A few weeks ago I was teaching an online meditation class to a group of busy executives the morning before their conference and an excited, but apprehensive executive popped into my online session early. He said he was brand new to meditation, willing to give it a try and asked with a nervous chuckle “so are we going to sit crossed legged this whole time and hum OM?”
This is a very common question and often many folks think this is the only way to meditate. While this is certainly one way to meditate there are literally an infinite number of ways to enjoy this ancient practice and to reap the huge stress reducing benefits it offers.
And you don’t need to be a monk in order to reap the numerous medical, physical and emotional benefits of meditation. In fact you can close your office door at work/home for 10 minutes a day and start down the magnificent journey of increased awareness, focus, happiness and relaxation right now.
My favorite definition of meditation is from Levey, J. & Levey, M.’s book Mindfulness, Mediation and Mind Fitness. They define mediation as “classically referring to a broad spectrum of method, disciplines, and practices for training our minds and reducing our neurotic tendencies and misconceptions while cultivating or strengthening our capacity for living with great wisdom, compassion, patience, balance, mastery of attention and other virtuous qualities of mind.”
Let’s debunk some common myths around meditation!
- To meditate you must sit crossed legged on the floor. While a traditionalist may decide to meditate in this way it is not necessary. Here is why: if you are so uncomfortable on the floor that you can think of nothing other than your discomfort then you are being distracted by sitting on the floor. Instead make yourself comfortable. Sit in a chair and anchor your feet on the ground with your spine tall. The point is to find a comfortable position to meditate so that you can focus on your meditation and not your discomfort.
- You have to have a totally quiet mind in order to meditate successfully. This is not true. Now, as you work on your meditation practice you will find that month after month and year after year all that mental noise chatter will start to calm a bit. However, when you first start meditation you will notice just how many thoughts you have. Simply be curious and notice your thoughts. Observing your thoughts is a form of Mindfulness Meditation. Try this: notice a thought, put it on a cloud and watch the cloud float away. The next time a thought pops into your mind repeat putting it on a cloud to float away! And keep repeating. You are practicing mindfulness meditation as you observe your thoughts.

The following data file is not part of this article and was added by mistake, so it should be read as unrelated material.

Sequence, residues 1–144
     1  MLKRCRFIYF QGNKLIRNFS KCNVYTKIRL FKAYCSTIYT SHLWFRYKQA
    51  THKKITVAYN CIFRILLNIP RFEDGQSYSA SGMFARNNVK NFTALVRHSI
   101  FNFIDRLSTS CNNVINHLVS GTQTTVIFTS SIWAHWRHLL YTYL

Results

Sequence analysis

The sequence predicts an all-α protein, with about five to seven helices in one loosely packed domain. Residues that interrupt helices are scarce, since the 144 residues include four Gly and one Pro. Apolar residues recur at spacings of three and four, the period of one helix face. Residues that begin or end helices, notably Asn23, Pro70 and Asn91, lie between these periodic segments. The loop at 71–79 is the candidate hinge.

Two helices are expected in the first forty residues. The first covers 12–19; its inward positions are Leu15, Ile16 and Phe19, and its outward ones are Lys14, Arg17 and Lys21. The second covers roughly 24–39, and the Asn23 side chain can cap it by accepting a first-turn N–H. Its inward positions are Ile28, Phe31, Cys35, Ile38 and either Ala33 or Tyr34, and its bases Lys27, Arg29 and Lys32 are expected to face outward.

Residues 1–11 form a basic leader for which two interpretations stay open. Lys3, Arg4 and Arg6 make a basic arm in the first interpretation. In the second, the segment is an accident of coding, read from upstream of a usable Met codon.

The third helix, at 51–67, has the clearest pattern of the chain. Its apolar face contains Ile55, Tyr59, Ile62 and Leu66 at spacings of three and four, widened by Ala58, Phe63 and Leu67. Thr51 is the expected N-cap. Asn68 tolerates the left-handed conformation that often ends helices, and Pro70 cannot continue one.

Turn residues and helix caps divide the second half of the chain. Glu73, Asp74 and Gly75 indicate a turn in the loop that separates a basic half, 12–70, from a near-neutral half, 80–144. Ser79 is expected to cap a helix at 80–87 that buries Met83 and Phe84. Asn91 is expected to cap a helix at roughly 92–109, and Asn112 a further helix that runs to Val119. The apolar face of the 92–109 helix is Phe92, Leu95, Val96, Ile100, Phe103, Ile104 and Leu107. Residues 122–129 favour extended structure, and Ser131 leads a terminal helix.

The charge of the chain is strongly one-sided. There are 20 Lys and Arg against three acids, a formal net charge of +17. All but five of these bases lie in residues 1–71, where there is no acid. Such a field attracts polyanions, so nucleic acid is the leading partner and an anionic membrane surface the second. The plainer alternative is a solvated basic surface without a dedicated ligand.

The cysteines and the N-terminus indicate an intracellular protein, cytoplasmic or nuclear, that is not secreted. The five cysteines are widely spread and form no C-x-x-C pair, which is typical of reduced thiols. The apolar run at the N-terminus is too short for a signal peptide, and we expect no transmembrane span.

- You have to focus on nothing. Nope! You can focus on your breath. As simple as this: close your eyes and say in your mind “I inhale for 1, 2, 3, 4” as you inhale and say “I exhale for 1, 2, 3, 4” as you exhale. When your mind wanders pull it back to that count. Keep this up for 5 to 15 minutes and you have just meditated!
- You need to go somewhere special to meditate. Absolutely not as you can literally meditate anywhere. Now you can most certainly meditate in a special places and have fun setting up your relaxation space. However I have been known to meditate in a very crowded room right before I give a workshop. I will find a corner out of the way, close my eyes, scan my body as I take it through relaxation and then focus on my breath to prepare myself to speak. Basically meditate where you are most likely to do it and when you need to do it.
- Meditation is religious. No. While meditation was discovered from religious context in the east and one goal of mediation is spiritual enlightenment this ancient technology has other goals and benefits that have nothing to do with religion such as training the mind to focus on one thing. Simply focusing on your breath, otherwise known as breath meditation, has enormous health benefits, such as reducing stress, and no religious context what-so-ever.
- You have to sit in silence to meditate. No, again. You can listen to any number of free guided meditations on YouTube or Insight Timer to be guided to relaxation. You can also sit in silence and focus on your breath, the space between your eye brow when you close your eyes, or gaze at a candle. The key here is that you have an abundance of different ways to meditate.
- You have to meditate for an hour a day to reap the benefits. Even just 10 minutes a day of any kind of meditation will provide benefits to the mind, body and spirit. Check out the plethora of benefits from reducing negative emotions to being beneficial for heart disease as described by Mayo Clinic here.
Have you tried to meditate? Would you like to? Please feel free to share your tips for meditating or let us know what is holding you back if you desire to start a meditation practice.
Breathe and Work, PLLC offers an array of corporate yoga classes including a popular 10-week guided corporate meditation sessions, corporate online meditation workshops and one-on-one meditation and visualization sessions for employees and teams.
Contact us today to learn more!